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Web Annotations

Spring Boot provides a rich set of annotations that simplify web development tasks and help you build robust and scalable web applications. In this section, we will explore the commonly used web annotations in Spring Boot and demonstrate how they can be effectively used in your projects.

1. @RestController:
The `@RestController` annotation combines the `@Controller` and `@ResponseBody` annotations, simplifying the creation of RESTful web services. It indicates that the class is a controller that handles incoming HTTP requests and automatically serializes the response to JSON or XML. Here’s an example:

“`java
@RestController
@RequestMapping(“/api”)
public class UserController {

@GetMapping(“/users”)
public List<User> getAllUsers() {
// Retrieve all users from the database
List<User> users = userService.getAllUsers();

return users;
}

// …
}
“`

In this example, the `UserController` class is annotated with `@RestController` and maps the `/api/users` URL to the `getAllUsers()` method. When a GET request is made to this URL, the method is invoked and returns a list of users as a JSON response.

2. @RequestMapping:
The `@RequestMapping` annotation is used to map HTTP requests to specific handler methods or classes. It allows you to define the URL pattern and HTTP method for a particular request. Consider the following example:

“`java
@RestController
@RequestMapping(“/api”)
public class UserController {

@GetMapping(“/users/{id}”)
public User getUserById(@PathVariable Long id) {
// Retrieve the user with the given ID from the database
User user = userService.getUserById(id);

return user;
}

// …
}
“`

In this example, the `getUserById()` method is annotated with `@GetMapping` and `/users/{id}` as the request mapping. The `{id}` placeholder indicates that the method expects a path variable representing the user ID. When a GET request is made to `/api/users/1`, for example, the method is invoked with the ID value of 1.

3. @RequestBody and @ResponseBody:
The `@RequestBody` and `@ResponseBody` annotations are used to bind the HTTP request body and response body, respectively. They are commonly used in RESTful web services to handle JSON or XML data. Here’s an example:

“`java
@RestController
@RequestMapping(“/api”)
public class UserController {

@PostMapping(“/users”)
public ResponseEntity<User> createUser(@RequestBody User user) {
// Create the user in the database
User createdUser = userService.createUser(user);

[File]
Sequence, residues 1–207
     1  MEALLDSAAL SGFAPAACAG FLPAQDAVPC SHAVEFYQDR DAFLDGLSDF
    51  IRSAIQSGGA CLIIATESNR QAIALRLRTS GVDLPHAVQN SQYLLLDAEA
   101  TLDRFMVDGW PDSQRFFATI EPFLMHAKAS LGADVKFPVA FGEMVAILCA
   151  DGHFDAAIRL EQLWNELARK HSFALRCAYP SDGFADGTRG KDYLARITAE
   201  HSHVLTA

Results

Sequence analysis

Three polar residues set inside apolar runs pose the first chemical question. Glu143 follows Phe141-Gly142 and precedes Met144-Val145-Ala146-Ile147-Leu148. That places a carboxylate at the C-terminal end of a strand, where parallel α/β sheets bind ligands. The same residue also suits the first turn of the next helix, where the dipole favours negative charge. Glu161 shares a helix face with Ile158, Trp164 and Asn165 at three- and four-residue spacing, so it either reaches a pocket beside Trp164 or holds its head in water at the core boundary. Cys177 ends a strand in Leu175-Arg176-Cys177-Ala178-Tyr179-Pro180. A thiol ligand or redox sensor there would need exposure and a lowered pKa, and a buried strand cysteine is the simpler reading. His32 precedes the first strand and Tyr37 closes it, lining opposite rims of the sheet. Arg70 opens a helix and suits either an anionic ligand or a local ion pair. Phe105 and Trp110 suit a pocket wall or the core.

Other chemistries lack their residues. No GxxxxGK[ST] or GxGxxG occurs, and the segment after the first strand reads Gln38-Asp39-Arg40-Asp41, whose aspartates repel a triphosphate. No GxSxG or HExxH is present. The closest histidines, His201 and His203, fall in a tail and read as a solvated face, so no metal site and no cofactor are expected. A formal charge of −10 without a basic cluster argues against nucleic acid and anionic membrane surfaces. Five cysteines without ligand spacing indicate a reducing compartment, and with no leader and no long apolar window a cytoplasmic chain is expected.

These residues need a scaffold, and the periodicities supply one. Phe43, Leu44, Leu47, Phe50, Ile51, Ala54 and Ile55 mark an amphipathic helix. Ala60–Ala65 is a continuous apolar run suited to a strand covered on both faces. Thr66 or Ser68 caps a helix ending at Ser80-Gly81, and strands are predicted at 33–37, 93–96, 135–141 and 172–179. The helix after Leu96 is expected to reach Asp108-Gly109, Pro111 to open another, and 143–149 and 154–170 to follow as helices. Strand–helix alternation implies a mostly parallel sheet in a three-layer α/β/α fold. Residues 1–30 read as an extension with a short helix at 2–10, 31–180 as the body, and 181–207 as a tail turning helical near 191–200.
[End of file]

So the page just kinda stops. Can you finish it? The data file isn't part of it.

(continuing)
return ResponseEntity.ok(createdUser);
}

// …
}
“`

In this example, the `createUser()` method is annotated with `@PostMapping` and `/users` as the request mapping. The `@RequestBody` annotation binds the incoming JSON or XML data to the `User` object. The `ResponseEntity` is used to customize the HTTP response, in this case, returning a 200 OK status code with the created user in the response body.

4. @PathVariable:
The `@PathVariable` annotation is used to bind a path variable from the URL to a method parameter. It is often used in conjunction with `@RequestMapping` to handle dynamic URLs. Consider the following example:

“`java
@RestController
@RequestMapping(“/api”)
public class UserController {

@GetMapping(“/users/{id}”)
public User getUserById(@PathVariable Long id) {
// Retrieve the user with the given ID from the database
User user = userService.getUserById(id);

return user;
}

// …
}
“`

In this example, the `getUserById()` method expects a path variable named `id`, which represents the user

ID. When a GET request is made to `/api/users/1`, for example, the `id` parameter is automatically populated with the value 1.

5. @RequestParam:
The `@RequestParam` annotation is used to bind a request parameter from the URL to a method parameter. It allows you to extract query parameters from the URL or form data from a POST request. Here’s an example:

“`java
@RestController
@RequestMapping(“/api”)
public class UserController {

@GetMapping(“/users”)
public List<User> getUsersByRole(@RequestParam String role) {
// Retrieve users with the given role from the database
List<User> users = userService.getUsersByRole(role);

return users;
}

// …
}
“`

In this example, the `getUsersByRole()` method expects a request parameter named `role`. When a GET request is made to `/api/users?role=admin`, for example, the `role` parameter is automatically populated with the value “admin”.

These are just a few examples of the web annotations available in Spring Boot. Each annotation serves a specific purpose and simplifies the development of web applications by handling routing, request handling, and response serialization. By utilizing these annotations effectively, you can build robust and scalable web applications with ease.

In the next section, we will explore annotations related to data access, such as working with databases and ORM frameworks.

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About Author
Ozzie Feliciano CTO @ Felpfe Inc.

Ozzie Feliciano is a highly experienced technologist with a remarkable twenty-three years of expertise in the technology industry.

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